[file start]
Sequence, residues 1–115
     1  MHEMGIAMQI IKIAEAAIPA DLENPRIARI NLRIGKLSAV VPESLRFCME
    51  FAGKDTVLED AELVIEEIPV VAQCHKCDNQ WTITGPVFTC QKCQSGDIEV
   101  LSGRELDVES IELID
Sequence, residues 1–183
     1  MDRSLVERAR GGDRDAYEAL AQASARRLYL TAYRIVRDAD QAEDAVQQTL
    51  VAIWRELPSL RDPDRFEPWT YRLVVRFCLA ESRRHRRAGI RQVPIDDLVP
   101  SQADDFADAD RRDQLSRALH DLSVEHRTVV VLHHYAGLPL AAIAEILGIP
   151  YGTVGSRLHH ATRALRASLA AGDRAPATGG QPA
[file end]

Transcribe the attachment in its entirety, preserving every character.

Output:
Sequence, residues 1–115
     1  MHEMGIAMQI IKIAEAAIPA DLENPRIARI NLRIGKLSAV VPESLRFCME
    51  FAGKDTVLED AELVIEEIPV VAQCHKCDNQ WTITGPVFTC QKCQSGDIEV
   101  LSGRELDVES IELID
Sequence, residues 1–183
     1  MDRSLVERAR GGDRDAYEAL AQASARRLYL TAYRIVRDAD QAEDAVQQTL
    51  VAIWRELPSL RDPDRFEPWT YRLVVRFCLA ESRRHRRAGI RQVPIDDLVP
   101  SQADDFADAD RRDQLSRALH DLSVEHRTVV VLHHYAGLPL AAIAEILGIP
   151  YGTVGSRLHH ATRALRASLA AGDRAPATGG QPA